(629c) How Ceria Redox Materials Split H2o and CO2 with Concentrated Solar Energy into H2, CO, and O2

Steinfeld, A., ETH Zurich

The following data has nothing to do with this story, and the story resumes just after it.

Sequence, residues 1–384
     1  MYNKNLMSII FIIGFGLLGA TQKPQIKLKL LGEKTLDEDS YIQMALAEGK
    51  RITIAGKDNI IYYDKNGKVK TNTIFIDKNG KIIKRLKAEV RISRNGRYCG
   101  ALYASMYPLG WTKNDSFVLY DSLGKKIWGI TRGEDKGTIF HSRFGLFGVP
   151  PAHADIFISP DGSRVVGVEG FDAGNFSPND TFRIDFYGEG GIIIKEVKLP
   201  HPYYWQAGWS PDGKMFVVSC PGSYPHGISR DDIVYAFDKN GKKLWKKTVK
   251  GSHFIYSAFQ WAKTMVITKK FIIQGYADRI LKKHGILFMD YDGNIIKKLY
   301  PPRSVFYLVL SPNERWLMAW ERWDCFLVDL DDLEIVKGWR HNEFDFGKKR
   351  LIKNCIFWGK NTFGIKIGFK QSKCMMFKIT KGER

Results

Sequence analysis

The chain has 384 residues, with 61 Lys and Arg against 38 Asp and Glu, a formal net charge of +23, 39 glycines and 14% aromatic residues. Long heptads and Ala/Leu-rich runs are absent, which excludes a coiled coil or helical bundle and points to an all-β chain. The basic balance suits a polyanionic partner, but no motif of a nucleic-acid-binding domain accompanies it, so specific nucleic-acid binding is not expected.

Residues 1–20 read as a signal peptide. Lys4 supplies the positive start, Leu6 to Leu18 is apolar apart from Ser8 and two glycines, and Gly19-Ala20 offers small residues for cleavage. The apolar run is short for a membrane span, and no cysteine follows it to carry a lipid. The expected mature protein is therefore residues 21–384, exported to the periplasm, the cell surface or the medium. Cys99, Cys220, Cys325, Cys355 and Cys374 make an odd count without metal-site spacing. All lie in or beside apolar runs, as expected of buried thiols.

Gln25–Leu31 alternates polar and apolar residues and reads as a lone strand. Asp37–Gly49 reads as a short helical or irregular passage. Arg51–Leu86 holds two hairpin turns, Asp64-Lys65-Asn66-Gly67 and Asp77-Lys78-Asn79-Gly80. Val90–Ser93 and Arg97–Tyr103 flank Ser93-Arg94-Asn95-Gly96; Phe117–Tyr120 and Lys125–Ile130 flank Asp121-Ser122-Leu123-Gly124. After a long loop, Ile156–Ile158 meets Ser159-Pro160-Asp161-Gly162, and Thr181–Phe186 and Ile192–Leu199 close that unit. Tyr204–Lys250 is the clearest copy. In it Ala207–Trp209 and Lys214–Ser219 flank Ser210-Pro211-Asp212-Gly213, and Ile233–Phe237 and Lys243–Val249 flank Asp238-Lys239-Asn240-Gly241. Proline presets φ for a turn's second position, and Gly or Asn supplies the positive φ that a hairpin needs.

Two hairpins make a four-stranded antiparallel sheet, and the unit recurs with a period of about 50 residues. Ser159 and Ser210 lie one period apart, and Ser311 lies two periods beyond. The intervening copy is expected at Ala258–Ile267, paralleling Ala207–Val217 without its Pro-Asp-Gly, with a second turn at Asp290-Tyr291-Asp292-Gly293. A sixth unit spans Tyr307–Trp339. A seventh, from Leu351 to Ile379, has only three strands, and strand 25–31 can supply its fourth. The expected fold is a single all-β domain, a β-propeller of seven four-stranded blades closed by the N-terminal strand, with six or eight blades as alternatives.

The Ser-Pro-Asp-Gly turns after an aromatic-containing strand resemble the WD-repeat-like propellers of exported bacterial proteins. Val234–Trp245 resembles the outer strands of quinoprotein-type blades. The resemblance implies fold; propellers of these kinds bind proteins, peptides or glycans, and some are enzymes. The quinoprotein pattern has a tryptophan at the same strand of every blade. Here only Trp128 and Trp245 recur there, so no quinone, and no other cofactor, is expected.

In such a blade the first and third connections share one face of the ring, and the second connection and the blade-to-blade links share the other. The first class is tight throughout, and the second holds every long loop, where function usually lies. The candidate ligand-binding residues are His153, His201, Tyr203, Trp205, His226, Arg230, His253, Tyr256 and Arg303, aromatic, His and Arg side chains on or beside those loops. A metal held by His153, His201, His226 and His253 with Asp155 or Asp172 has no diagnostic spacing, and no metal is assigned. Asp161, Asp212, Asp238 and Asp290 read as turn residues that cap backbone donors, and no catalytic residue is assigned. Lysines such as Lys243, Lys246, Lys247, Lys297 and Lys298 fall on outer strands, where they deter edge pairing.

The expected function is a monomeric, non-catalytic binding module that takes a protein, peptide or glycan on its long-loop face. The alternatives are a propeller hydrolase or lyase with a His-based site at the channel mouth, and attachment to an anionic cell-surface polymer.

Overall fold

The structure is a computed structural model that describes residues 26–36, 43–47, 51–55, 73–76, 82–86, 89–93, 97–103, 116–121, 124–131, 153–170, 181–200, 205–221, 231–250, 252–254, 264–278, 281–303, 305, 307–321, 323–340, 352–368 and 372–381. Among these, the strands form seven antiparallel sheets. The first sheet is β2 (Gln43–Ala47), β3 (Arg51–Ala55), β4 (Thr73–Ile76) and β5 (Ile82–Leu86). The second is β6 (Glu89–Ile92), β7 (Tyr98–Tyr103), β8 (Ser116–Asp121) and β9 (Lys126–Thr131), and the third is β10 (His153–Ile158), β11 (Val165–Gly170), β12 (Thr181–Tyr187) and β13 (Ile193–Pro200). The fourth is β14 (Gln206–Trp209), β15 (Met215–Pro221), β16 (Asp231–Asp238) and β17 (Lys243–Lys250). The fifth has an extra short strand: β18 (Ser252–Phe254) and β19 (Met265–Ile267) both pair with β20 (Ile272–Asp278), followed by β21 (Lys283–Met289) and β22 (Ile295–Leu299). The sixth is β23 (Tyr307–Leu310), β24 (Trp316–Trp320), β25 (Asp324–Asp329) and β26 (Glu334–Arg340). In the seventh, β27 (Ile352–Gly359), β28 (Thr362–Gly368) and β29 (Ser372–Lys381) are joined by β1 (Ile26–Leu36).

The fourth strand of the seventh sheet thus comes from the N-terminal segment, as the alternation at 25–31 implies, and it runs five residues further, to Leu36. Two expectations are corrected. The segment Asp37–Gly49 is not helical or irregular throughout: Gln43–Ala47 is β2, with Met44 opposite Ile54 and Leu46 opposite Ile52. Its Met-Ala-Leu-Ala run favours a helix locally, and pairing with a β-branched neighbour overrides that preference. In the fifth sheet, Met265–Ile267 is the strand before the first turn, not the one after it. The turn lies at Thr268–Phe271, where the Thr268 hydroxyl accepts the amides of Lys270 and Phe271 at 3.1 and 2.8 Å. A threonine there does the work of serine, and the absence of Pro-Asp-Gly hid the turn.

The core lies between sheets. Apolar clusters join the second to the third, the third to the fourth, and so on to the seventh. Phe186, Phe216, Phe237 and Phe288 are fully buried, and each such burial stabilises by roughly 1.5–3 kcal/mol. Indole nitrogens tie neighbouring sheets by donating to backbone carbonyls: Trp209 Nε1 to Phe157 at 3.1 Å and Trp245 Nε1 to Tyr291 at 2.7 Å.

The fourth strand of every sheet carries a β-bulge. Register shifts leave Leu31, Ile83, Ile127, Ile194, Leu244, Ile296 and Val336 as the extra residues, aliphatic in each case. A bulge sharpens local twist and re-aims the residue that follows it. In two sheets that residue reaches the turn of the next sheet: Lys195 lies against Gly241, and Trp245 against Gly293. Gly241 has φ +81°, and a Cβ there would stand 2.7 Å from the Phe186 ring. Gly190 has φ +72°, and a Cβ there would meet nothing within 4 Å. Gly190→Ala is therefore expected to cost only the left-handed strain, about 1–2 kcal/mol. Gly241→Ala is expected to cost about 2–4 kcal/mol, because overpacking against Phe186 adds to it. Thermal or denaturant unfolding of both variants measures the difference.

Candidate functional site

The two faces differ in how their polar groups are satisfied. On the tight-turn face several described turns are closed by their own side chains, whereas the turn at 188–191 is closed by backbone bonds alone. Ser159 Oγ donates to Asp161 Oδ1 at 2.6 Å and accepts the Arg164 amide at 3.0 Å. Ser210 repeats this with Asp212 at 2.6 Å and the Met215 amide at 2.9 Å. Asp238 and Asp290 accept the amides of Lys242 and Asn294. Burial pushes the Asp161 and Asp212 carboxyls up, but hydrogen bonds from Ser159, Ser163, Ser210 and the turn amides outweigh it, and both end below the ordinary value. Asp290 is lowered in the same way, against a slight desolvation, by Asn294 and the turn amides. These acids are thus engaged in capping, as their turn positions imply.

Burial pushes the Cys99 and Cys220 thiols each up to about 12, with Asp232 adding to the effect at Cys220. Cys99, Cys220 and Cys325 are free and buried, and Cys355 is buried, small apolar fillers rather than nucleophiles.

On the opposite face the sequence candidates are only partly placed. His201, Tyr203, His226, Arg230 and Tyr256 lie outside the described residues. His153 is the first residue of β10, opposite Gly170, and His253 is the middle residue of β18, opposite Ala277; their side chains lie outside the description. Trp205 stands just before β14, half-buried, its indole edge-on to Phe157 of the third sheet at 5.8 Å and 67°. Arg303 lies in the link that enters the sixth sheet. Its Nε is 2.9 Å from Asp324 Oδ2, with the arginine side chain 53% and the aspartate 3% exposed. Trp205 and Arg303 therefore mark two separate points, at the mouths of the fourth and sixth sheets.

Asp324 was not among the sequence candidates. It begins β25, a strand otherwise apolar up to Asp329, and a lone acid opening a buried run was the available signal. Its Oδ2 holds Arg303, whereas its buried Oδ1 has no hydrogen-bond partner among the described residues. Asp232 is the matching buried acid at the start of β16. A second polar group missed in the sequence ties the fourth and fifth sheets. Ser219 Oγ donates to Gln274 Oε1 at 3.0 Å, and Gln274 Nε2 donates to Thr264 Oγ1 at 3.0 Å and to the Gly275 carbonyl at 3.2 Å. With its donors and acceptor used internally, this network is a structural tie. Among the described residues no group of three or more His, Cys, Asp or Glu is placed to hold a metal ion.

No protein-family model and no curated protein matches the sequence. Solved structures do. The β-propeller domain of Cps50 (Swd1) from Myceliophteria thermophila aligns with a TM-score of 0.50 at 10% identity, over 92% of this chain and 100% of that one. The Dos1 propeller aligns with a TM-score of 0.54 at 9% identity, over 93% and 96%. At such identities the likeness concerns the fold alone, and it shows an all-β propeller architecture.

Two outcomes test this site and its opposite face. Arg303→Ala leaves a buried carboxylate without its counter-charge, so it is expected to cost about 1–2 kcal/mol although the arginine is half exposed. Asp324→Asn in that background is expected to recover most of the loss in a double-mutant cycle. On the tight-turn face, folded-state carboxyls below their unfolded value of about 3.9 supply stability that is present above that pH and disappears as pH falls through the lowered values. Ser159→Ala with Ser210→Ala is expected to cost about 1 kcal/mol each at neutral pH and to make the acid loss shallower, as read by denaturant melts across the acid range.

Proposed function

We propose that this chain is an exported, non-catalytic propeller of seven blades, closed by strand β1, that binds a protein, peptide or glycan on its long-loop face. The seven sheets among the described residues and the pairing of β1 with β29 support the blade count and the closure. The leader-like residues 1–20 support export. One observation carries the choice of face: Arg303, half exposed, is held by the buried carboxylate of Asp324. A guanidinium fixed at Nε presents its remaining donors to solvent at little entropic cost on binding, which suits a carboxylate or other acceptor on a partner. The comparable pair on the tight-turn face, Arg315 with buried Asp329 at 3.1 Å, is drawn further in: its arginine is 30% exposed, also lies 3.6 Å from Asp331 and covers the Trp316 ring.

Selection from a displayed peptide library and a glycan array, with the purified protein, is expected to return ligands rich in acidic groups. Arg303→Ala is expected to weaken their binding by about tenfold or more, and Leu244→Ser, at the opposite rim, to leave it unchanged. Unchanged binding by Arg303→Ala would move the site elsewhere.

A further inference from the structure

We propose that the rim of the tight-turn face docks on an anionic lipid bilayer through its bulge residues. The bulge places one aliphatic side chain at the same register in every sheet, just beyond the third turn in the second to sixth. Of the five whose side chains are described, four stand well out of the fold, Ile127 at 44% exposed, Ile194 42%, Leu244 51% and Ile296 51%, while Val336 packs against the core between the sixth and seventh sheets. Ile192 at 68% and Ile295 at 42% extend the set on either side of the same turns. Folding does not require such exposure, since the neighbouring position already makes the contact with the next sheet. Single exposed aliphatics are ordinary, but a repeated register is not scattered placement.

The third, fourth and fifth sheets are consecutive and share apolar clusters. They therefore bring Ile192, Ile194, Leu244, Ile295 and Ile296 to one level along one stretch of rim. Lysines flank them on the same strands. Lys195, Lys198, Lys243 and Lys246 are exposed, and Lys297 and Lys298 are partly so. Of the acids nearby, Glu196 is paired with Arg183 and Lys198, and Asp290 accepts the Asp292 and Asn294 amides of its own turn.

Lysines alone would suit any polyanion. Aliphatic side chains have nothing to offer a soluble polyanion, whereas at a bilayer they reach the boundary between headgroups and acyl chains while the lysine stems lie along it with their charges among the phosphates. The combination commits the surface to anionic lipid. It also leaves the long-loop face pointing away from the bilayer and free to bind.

Heterogeneous catalyst design has been revolutionized in the past several years by the discovery of adsorption-energy scaling relations on transition-metal catalysts. These and correlated activation energies of chemical reactions are understood to limit the catalytic activity of a surface for a number of interesting reactions, such as production of H2 and CO via splitting of H2O and CO2. Metal oxide redox materials exchange oxygen with a gas phase and store it in the solid state. This allows circumventing scaling relations that limit catalytic reactions, as a chemical reaction may be split into reduction and oxidation steps that are conducted at different process conditions. This work employs electronic structure calculations to investigate the reaction mechanism of CO2 and H2O splitting with ceria. Conceptually, non-stoichiometric ceria is reduced at elevated temperature with concentrated solar energy, liberating O2. In a second step, the lattice oxygen is replenished via oxidation with H2O and CO2, yielding renewable H2 and CO (syngas). Syngas is the precursor for synthetic liquid hydrocarbon fuel, such as diesel, gasoline and kerosene. The presented computations outline the effect of reduction and oxidation temperatures, partial pressure of O2, and metal doping at the ceria surface on the free energy landscape of the two studied chemical reactions. Limits of isothermal processing as well redox trade-offs when controlling the reduction potential of the oxide surface are discussed.